In Sri Lanka, there is a minority Tamil man who lives in the northeast. I met him in 2006. He was a doctor, until his hospital was bombed. He rebuilt it and it was destroyed by another bomb. He cannot go to the market most days because of the overbearing presence of security forces, mostly from the Sinhala majority, who harass him. But still, he speaks to me of those times when he has come together with the Sinhala in his community, and created alternative local markets. He speaks of Muslim neighbors who have helped him rebuild his house. He points to these examples, and says this is why I keep going. Because the bombs aren’t the last word, because I have glimpsed peace in moments and so I have hope. In Colombia, I meet them every time I go: women who have been displaced by the violence, forced out of their homes by guns wielded by the right-wingers or the left-wingers or maybe the government forces. Now they are settled temporarily in communities that don’t always welcome the squatters. These women who have lost husbands, sons, daughters, to the fighting and who come together to make things out of red and orange and blue thread – purses and bracelets. And as they weave they talk about their trauma. And they heal together. And they refuse to give into the violence, and they keep reaching out to other women and expanding their circle.
These peacemakers tell me this: amidst all the heartache and turmoil, there is something big and eternal to hold onto, and it emerges in moments of insistent grace. If you are looking, you will see these moments in the midst of the bombs. They are quiet, but they are there. The doctor in Sri Lanka and the women in Colombia see these moments, and so they know better than to believe that the forces of injustice and war control everything. They have witnessed how what is good and what is life-giving and peaceful can resist and prevail amidst death and cynicism and war. They have seen the world from God’s view, and they know that worldly power looks different from above – that those who hold guns and squabble over political or economic power are grasshoppers to our great immense God. And because these survivors have seen what is already happening, and because they see what is possible, they do the work to make it so. Thank God for this. After all, if these activists didn’t see these moments, they might not believe in resurrection — the ultimate victory of life over death. They might see just the bombs and believe that is what is inevitable. And that is enough to make anyone weary.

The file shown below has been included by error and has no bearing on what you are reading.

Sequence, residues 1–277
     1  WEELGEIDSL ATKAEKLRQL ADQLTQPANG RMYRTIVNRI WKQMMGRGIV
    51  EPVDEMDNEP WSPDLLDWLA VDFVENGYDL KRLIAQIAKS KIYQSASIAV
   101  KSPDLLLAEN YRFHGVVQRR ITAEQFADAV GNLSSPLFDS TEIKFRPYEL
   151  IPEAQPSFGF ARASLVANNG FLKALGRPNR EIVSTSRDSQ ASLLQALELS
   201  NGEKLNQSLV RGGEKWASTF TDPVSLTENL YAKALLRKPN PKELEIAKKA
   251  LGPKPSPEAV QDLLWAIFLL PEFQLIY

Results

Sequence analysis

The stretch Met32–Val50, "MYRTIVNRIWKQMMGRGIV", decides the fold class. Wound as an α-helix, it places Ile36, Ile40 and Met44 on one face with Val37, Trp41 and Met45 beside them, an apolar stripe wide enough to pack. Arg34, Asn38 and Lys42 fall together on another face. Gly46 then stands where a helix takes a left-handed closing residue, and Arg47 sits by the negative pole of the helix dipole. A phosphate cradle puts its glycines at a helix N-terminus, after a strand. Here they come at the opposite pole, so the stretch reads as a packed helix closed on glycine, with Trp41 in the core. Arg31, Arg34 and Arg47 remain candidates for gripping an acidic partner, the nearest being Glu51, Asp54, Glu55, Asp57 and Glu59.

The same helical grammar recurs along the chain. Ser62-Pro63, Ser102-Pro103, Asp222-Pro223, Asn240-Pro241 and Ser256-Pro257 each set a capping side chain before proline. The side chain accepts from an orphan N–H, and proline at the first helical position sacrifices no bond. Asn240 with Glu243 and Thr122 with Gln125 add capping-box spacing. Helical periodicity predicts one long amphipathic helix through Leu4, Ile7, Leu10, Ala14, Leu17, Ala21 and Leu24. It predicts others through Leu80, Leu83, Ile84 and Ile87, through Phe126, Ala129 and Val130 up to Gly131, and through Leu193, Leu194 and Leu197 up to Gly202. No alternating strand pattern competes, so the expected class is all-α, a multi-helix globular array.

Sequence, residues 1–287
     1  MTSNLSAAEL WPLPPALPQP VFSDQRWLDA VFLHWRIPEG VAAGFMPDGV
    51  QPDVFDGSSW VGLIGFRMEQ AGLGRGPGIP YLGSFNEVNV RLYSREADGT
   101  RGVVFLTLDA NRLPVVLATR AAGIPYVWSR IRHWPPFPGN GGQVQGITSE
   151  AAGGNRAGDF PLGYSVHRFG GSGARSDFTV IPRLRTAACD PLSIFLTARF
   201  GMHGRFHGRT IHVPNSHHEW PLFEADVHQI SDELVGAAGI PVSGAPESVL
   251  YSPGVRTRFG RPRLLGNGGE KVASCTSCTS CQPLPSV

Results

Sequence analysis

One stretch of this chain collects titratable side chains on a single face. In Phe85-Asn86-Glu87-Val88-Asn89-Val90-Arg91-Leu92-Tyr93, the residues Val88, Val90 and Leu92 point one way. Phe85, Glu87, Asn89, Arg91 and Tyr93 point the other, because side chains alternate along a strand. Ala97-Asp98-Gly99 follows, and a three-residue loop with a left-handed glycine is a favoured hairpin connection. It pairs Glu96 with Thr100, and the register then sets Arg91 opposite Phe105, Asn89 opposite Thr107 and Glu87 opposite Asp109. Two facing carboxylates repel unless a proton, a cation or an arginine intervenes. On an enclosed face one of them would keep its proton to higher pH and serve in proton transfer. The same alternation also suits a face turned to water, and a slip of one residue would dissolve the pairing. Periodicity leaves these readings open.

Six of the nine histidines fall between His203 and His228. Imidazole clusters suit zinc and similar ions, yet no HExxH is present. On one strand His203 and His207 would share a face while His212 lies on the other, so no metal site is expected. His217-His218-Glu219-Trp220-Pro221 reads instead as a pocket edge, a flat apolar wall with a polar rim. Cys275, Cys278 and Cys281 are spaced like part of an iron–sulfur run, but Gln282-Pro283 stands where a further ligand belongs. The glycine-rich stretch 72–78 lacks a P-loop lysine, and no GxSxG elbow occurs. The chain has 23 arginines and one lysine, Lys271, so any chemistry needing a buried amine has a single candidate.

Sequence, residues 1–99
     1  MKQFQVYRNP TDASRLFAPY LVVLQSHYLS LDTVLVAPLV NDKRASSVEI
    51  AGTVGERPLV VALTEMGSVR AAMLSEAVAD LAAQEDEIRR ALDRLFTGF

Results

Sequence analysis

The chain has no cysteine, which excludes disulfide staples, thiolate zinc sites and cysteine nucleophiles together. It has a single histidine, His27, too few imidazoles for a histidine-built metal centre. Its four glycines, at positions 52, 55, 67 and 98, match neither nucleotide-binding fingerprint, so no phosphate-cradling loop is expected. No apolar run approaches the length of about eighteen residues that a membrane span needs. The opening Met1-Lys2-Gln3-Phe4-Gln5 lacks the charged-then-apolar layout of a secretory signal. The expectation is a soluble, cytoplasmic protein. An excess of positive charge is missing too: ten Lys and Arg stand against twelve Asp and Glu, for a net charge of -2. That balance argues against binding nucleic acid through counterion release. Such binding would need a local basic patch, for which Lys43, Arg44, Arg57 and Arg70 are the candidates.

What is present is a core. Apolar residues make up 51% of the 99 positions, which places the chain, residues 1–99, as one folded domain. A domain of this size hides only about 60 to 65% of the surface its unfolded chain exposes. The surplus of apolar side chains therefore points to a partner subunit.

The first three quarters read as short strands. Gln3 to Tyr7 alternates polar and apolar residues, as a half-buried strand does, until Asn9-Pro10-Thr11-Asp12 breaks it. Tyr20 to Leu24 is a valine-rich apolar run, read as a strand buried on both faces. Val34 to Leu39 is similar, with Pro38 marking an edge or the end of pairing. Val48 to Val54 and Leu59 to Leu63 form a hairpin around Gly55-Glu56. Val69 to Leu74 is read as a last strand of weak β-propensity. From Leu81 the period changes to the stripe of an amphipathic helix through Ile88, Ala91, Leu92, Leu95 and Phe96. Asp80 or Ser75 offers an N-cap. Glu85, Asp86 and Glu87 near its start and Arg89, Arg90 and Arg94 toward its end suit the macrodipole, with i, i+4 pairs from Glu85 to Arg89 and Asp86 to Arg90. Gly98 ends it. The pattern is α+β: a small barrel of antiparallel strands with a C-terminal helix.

Maybe it is just these peacemakers who Isaiah is speaking about — those who see the moments of grace around them. These people who are not just waiting idly for Yahweh, but who are looking for Yahweh to arrive around them; those who are watching for those pockets of grace and resistance to bubble up in the world, who so see when the Kingdom of God peeks out at them from the cracks torn open by violence. And what they see serves as not only their manna – their infinite source of energy — but also the place where they plant their feet to begin to tug out heaven, and create peace.
So what can us grasshoppers do from here? Remember, in the end, that it is rarely the powerful of the world who make history progress forward toward God. Jesus. Gandhi. In their time, they were not the worldly powers. We can barely recall the names of those rulers. We remember the names of the weak victors: the executed carpenter come teacher. The young preacher from Atlanta. The youth in Serbia who brought down a dictator. These are the ones who transform history. The small ones who saw the hand of God at work, placed themselves in the middle of that hand, and moved forward, their strength renewed, their source of energy infinite. They walked forward to confront the worldly powers of violence without fainting. God sees these little ones as much as God those little ones who wield guns. The question is, what do each of us see? Are we looking for Yahweh? Are we watching for the moments of grace percolating up and moving toward them? Are we putting our faith in those moments and then putting our hands in them to massage them out? What are all of us waiting for?
Have you not heard, have you not seen, has it not been told you from the beginning?
Take comfort in your smallness, little grasshoppers. Take comfort that though you are small, you are embraced by a huge profound love, capable of greatness. Allow yourself to rise up and perch beside our squat, round God above the circle of the earth, looking down. See how delicate our beautiful blue floating globe is, and all those grasshoppers in it – each one in its place, each one precious. And then see the places where heaven is emerging from our cracked earth, the places where you can sweep down, plant your feet, and begin to do your holy work.